The Journalist's Guide to
Gun Violence Coverage

Making sense of spin in the news

by Dr. Michael Brown

Back to News Accuracy Index Page

[Note: Dr. Brown has put his finger right on what's happening
in newsrooms everywhere. His razor-sharp analysis is reproduced
here by permission. You will recognize these policies if you
follow the news media. Alan.]

Download the expanded and updated 2013 version.
The classic original version is posted below.

 

by Dr. Michael Brown

Guns are a sad fact of life in American culture and are a major topic
in modern journalism. A good Journalist has a duty to get involved
and make a difference in this important societal debate. By following
certain guidelines, the concerned Journalist can be assured of having
the maximum impact on this shameful problem.

The first principle to remember is that subtle use of terminology can
covertly influence the reader. Adjectives should be chosen for
maximum anti-gun effect. When describing a gun, attach terms like
"automatic," "semi-automatic," "large caliber," "deadly," "high
powered," or "powerful." Almost any gun can be described by one or
more of these terms. More than two guns should be called an
"arsenal."

Try to include the term "assault weapon" if at all possible. This can
be combined with any of the terms above for best results. Nobody
actually knows what an assault weapon is, so you cannot be criticized
for this usage. Your local anti-gun organization can provide you with
a list of the latest buzz words like "junk guns," "Saturday Night
Specials," and "the criminal's weapon of choice."

Don't worry about getting technical details right. Many a reporter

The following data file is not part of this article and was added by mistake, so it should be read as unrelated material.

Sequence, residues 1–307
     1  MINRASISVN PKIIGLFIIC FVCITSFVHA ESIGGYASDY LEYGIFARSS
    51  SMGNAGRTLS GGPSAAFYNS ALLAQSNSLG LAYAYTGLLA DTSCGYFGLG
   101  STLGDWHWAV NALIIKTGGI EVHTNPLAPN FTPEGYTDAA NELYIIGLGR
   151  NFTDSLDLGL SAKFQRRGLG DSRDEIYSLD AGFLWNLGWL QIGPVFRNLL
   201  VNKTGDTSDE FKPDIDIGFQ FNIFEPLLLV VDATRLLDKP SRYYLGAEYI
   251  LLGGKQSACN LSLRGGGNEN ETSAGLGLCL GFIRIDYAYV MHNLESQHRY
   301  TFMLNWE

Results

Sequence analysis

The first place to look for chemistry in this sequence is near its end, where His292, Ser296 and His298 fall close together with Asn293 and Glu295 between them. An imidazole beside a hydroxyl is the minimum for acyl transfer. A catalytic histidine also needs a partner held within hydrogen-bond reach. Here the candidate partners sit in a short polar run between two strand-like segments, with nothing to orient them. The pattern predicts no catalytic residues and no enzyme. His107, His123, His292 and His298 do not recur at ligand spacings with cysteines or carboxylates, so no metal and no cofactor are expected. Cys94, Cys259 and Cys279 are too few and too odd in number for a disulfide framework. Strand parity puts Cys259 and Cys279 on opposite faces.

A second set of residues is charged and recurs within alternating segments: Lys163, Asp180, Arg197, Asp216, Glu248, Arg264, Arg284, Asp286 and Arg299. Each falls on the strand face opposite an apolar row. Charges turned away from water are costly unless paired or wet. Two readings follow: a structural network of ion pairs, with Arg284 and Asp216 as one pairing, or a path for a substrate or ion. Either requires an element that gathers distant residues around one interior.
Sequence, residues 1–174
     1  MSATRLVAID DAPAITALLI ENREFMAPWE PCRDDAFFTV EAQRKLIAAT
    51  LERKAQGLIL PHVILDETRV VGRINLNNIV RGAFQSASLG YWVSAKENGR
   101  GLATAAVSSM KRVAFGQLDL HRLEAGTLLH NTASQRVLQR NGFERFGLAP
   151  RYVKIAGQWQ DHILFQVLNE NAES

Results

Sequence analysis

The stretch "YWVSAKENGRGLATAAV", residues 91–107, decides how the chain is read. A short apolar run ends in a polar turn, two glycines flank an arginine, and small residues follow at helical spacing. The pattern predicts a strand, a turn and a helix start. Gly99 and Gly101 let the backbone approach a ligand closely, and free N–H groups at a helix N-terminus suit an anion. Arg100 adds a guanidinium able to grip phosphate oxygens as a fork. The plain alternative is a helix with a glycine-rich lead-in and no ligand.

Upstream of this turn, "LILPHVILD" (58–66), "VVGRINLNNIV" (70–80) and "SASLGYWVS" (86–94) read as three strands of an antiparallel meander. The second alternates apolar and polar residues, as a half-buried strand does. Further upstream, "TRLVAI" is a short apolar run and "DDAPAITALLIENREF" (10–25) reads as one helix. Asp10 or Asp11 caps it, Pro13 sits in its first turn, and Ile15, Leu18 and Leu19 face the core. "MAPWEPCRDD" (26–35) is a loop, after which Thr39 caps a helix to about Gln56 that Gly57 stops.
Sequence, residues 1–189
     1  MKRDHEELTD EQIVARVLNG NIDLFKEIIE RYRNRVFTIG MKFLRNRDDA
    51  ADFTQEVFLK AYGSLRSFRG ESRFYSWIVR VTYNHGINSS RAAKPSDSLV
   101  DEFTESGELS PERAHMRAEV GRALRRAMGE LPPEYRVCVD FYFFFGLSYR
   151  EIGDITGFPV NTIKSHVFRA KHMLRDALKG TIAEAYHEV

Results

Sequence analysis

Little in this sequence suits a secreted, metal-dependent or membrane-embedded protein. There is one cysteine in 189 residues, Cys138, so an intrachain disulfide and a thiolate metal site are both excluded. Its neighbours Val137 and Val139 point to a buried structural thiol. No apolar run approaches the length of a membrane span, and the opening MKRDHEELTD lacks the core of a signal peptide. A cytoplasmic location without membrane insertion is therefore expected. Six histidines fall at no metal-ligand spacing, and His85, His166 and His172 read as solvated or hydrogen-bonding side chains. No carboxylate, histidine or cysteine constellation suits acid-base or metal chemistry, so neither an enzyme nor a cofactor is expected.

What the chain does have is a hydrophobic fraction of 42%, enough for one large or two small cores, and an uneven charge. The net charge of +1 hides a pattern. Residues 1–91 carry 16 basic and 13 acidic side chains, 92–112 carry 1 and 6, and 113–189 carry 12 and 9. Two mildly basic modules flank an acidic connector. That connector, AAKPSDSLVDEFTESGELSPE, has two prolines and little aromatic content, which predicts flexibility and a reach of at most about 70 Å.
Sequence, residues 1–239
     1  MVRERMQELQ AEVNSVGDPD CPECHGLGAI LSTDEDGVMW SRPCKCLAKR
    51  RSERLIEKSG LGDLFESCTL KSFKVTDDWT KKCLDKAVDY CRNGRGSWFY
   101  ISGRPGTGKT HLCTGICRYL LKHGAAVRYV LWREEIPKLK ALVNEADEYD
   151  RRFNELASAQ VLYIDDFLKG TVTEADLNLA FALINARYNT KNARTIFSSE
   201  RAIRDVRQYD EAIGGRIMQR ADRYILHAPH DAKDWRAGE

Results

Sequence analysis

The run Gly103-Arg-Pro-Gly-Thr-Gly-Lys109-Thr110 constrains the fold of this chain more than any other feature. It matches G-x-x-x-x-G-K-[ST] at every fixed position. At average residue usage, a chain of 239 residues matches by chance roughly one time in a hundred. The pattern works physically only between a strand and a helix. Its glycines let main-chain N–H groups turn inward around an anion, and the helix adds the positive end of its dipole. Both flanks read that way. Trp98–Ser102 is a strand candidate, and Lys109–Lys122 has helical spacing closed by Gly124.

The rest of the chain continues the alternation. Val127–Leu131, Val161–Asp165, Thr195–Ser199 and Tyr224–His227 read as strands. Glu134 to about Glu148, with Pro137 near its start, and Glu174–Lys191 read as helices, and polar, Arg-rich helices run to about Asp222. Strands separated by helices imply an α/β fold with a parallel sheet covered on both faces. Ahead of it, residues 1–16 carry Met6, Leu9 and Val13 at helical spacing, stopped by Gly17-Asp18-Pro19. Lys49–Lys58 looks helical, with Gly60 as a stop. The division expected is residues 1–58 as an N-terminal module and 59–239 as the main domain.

has accidentally written about semi-automatic revolvers or committed
other minor errors. Since most people know little about guns, this is
not a problem. Only the gun nuts will complain and they don't count.
The emotional content of your article is much more important than the
factual details, since people are more easily influenced through their
emotions than through logic.

Broadcast Journalists should have a file tape showing a machine gun
firing on full automatic. Run this video while describing "automatic"
weapons used in a crime or confiscated by police. At the least, a
large graphic of a handgun should be displayed behind the on-air
personality when reading any crime story.

Do not waste words describing criminals who use guns to commit crimes.
Instead of calling them burglar, rapist, murderer, or repeat offender,
simply use the term "gunman." This helps the public associate all
forms of crime and violence with the possession of guns.

Whenever drug dealers are arrested, guns are usually confiscated by
the police. Mention the type and number of guns more prominently than
the type and quantity of drugs. Include the number of rounds of
ammunition seized, since the number will seem large to those who know
little about guns. Obviously, the drug dealers who had the guns
should now be called "gunmen."

Political discussions on gun control legislation usually involve
pro-gun organizations. Always refer to these organizations as "the
gun lobby." If space permits, mention how much money the gun lobby
has spent to influence political campaigns and describe their
legislative lobbying efforts as "arm twisting" or "threats."

Gun owners must never be seen in a positive light. Do not mention
that these misguided individuals may actually be well educated, or
have respectable jobs and healthy families. They should be called
"gun nuts" if possible or simply gun owners at best. Mention details
about their clothing, especially if they are wearing hunting clothes
or hats. Mention the simplistic slogans on their bumper stickers to
show that their intelligence level is low. Many gun owners drive
pickup trucks, hunt and live in rural areas. Use these details to